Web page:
**Author**: Peter Spirtes,Clark Glymour,Richard Scheines

**Publisher:** Springer Science & Business Media

**ISBN:** 1461227488

**Category:** Mathematics

**Page:** 530

**View:** 3275

This book is intended for anyone, regardless of discipline, who is interested in the use of statistical methods to help obtain scientific explanations or to predict the outcomes of actions, experiments or policies. Much of G. Udny Yule's work illustrates a vision of statistics whose goal is to investigate when and how causal influences may be reliably inferred, and their comparative strengths estimated, from statistical samples. Yule's enterprise has been largely replaced by Ronald Fisher's conception, in which there is a fundamental cleavage between experimental and non experimental inquiry, and statistics is largely unable to aid in causal inference without randomized experimental trials. Every now and then members of the statistical community express misgivings about this turn of events, and, in our view, rightly so. Our work represents a return to something like Yule's conception of the enterprise of theoretical statistics and its potential practical benefits. If intellectual history in the 20th century had gone otherwise, there might have been a discipline to which our work belongs. As it happens, there is not. We develop material that belongs to statistics, to computer science, and to philosophy; the combination may not be entirely satisfactory for specialists in any of these subjects. We hope it is nonetheless satisfactory for its purpose.
*Causal Inference for Observational and Experimental Data*

**Author**: Mark J. van der Laan,Sherri Rose

**Publisher:** Springer Science & Business Media

**ISBN:** 9781441997821

**Category:** Mathematics

**Page:** 628

**View:** 7305

The statistics profession is at a unique point in history. The need for valid statistical tools is greater than ever; data sets are massive, often measuring hundreds of thousands of measurements for a single subject. The field is ready to move towards clear objective benchmarks under which tools can be evaluated. Targeted learning allows (1) the full generalization and utilization of cross-validation as an estimator selection tool so that the subjective choices made by humans are now made by the machine, and (2) targeting the fitting of the probability distribution of the data toward the target parameter representing the scientific question of interest. This book is aimed at both statisticians and applied researchers interested in causal inference and general effect estimation for observational and experimental data. Part I is an accessible introduction to super learning and the targeted maximum likelihood estimator, including related concepts necessary to understand and apply these methods. Parts II-IX handle complex data structures and topics applied researchers will immediately recognize from their own research, including time-to-event outcomes, direct and indirect effects, positivity violations, case-control studies, censored data, longitudinal data, and genomic studies.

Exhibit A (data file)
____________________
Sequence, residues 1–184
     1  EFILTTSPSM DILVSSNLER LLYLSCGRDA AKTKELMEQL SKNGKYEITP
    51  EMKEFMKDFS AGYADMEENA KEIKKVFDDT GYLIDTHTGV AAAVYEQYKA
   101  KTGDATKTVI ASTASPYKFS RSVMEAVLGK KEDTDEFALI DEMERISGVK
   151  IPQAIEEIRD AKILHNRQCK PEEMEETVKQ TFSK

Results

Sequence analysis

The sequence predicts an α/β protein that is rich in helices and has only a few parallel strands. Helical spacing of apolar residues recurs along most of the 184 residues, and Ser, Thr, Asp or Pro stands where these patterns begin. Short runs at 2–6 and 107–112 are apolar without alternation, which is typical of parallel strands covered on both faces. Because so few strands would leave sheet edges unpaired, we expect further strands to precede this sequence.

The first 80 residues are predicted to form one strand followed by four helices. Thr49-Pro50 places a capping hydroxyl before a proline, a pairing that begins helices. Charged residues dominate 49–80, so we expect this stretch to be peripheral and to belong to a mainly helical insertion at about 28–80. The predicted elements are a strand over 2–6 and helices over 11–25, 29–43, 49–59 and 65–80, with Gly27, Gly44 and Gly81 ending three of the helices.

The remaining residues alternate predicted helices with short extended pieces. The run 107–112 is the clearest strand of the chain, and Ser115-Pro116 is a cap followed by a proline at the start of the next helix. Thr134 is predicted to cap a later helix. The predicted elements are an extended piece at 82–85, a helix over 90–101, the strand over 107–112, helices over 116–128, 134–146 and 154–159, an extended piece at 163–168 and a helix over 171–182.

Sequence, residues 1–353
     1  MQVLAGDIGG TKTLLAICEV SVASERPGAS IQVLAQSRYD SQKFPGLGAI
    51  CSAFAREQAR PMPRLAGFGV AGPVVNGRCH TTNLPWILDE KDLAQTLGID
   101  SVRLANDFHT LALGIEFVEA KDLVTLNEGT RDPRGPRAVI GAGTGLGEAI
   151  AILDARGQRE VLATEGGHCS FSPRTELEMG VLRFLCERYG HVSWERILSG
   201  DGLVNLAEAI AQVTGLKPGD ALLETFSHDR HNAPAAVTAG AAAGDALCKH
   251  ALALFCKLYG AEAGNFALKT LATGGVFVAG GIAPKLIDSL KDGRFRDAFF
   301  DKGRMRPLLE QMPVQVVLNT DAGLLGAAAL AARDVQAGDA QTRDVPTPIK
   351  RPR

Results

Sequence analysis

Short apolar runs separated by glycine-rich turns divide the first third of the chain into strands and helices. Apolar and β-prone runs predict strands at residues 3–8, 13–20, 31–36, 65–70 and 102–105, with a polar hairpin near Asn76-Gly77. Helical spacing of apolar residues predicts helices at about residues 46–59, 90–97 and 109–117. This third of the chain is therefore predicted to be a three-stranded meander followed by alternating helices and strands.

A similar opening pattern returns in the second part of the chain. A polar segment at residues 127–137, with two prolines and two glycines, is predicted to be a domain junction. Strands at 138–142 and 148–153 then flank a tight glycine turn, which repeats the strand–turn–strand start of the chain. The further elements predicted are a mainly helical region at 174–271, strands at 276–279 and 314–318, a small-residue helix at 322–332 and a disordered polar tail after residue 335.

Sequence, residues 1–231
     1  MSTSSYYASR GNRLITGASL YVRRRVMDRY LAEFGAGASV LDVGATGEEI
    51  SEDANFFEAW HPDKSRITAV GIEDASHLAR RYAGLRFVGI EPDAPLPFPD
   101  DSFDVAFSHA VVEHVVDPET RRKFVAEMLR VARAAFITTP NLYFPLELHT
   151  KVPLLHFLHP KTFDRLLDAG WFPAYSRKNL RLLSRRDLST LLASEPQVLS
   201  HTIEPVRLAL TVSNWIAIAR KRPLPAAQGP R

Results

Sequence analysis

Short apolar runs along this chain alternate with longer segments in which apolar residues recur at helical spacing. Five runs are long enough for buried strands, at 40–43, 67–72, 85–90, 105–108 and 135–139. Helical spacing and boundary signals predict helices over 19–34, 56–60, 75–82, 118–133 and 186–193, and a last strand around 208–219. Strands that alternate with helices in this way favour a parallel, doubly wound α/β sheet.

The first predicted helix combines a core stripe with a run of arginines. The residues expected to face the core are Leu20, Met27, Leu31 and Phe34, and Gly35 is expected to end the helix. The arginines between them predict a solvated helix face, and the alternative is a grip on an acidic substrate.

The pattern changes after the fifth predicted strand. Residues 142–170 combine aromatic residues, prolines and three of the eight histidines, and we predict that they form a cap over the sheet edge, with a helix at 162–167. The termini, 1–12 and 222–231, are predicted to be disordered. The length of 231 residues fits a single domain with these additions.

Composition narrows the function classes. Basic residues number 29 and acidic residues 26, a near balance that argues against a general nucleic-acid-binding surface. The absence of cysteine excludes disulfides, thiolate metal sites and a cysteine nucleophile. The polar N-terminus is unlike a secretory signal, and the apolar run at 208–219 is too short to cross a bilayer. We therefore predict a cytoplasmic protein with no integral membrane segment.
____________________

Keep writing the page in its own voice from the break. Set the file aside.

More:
**Author**: Judea Pearl

**Publisher:** CreateSpace

**ISBN:** 9781507894293

**Category:**

**Page:** 94

**View:** 771

This book summarizes recent advances in causal inference and underscores the paradigmatic shifts that must be undertaken in moving from traditional statistical analysis to causal analysis of multivariate data. Special emphasis is placed on the assumptions that underlie all causal inferences, the languages used in formulating those assumptions, the conditional nature of all causal and counterfactual claims, and the methods that have been developed for the assessment of such claims. These advances are illustrated using a general theory of causation based on the Structural Causal Model (SCM), which subsumes and unifies other approaches to causation, and provides a coherent mathematical foundation for the analysis of causes and counterfactuals. In particular, the paper surveys the development of mathematical tools for inferring (from a combination of data and assumptions) answers to three types of causal queries: those about (1) the effects of potential interventions, (2) probabilities of counterfactuals, and (3) direct and indirect effects (also known as "mediation"). Finally, the paper defines the formal and conceptual relationships between the structural and potential-outcome frameworks and presents tools for a symbiotic analysis that uses the strong features of both. The tools are demonstrated in the analyses of mediation, causes of effects, and probabilities of causation.

**Author**: Joseph Y. Halpern

**Publisher:** MIT Press

**ISBN:** 0262336626

**Category:** Philosophy

**Page:** 240

**View:** 8624